Letter from New Orleans

Text: Maurice Ruffin

Illustration: Hedy Tjin

Maurice Carlos Ruffin is the author of We Cast a Shadow (2019), his ‘incisive and necessary’ (Roxane Gay) debut novel. This satirical work of fiction about the future of racism in the American South is a finalist for the 2020 PEN/Faulkner Award. A native of New Orleans, Ruffin is a graduate of the University of New Orleans Creative Writing Workshop and a member of the Peauxdunque Writers Alliance. He is a professor of creative writing at Louisiana State University. He was one of the curators of Read My World 2017.

Hedy Tjin is a freelance illustration designer, based in Amsterdam, The Netherlands. She graduated from the Hogeschool voor de Kunsten in Utrecht in 2009.

Letter to the World from a New Orleans Writer,

I have never met you, but I love you. We have met many times before, but I still do not know you. I long to meet you. I am meeting you now. I am a writer and have spent these recent years traveling the world. I have seen you in your native land. Spoken to you in your native tongue. To be in a room with hundreds of others and enjoy the experience of communion is not something all writers love, but I have loved it deeply. Writing is solitary. I write to the unknowable. I write to a blank page that can never be filled.

To write is to enter a dark space and find that you are not alone.

Toni Morrison spoke about an exhibition. She entered a darkened room. One wall was made of glass. She approached the wall and placed her hand upon the glass. A hand appeared on the other side to match hers. She said this was what she sought most in life. This describes the act of writing. I write 1,000 words. I write 10,000 words. I write 100,000 words. Each word I write is in pursuit of that hand to hand discovery. To write is to enter a dark space and find that you are not alone.

Large gatherings may be a relic, like bones beneath a church, at least for the time being. No literary festivals, conferences, or workshops. No flights, road trips, or cross-town hikes to the next book event. No huddling together in a hotel lobby, pub, or community center. Perhaps one day, we will have a cure or vaccine for COVID-19. Perhaps one day, everything will be as it was in 2018. But we have seen in other historic world changes—the Great Depression, WWII, the Great Recession—that we are often too changed to see ourselves again.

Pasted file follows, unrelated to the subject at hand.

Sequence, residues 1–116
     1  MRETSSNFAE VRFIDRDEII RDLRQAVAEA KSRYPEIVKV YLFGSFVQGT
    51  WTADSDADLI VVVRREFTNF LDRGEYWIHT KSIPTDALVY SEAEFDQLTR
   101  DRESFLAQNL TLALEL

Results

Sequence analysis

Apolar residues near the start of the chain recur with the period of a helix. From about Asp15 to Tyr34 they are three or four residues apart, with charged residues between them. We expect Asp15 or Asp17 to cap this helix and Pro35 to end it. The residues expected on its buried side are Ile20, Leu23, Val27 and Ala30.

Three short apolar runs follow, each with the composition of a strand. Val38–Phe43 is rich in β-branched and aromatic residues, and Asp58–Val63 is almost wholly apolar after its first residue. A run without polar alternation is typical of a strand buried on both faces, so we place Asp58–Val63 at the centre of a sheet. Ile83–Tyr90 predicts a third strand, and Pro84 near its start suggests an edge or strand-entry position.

Large gatherings may be a relic, like bones beneath a church, at least for the time being.

However, there are some things that transcend every space and every time in which we have lived. Since pre-history, we have passed tales from one to another by word of mouth, by page, or digital file. Shakespeare wrote several of his works in quarantine. We know of Boccaccio. An apple may not have fallen on Sir Isaac Newton’s head, but the seeds of his gravitational theories germinated while in isolation.  And regardless of who we are or what we call ourselves, our internal monologues persist. The story of the eternal self continues.

I write this is in my home. The mild buzz of a lawnmower can be heard. Golden light streams and illuminates by bedroom. A jet plane drones high above. The tiny, rhythmic whoosh of my laptop’s invisible fan keeps time. This morning, I ate scrambled eggs with Cajun sausage and wheat toast with jelly. A box of donuts—some pink as a tulip and covered in sprinkles—awaits in my kitchen. Which is to say, I still luxuriate in the things I love. A good meal, a midday sweet, and the promise of words.

I hope that wherever you are and whatever you are doing that you are well. More centrally, I hope that whoever you are you feel loved. There are no promises for tomorrow except for the promises we hold on behalf of others. The promise that your hand will find mine.

All the best,

Maurice Carlos Ruffin

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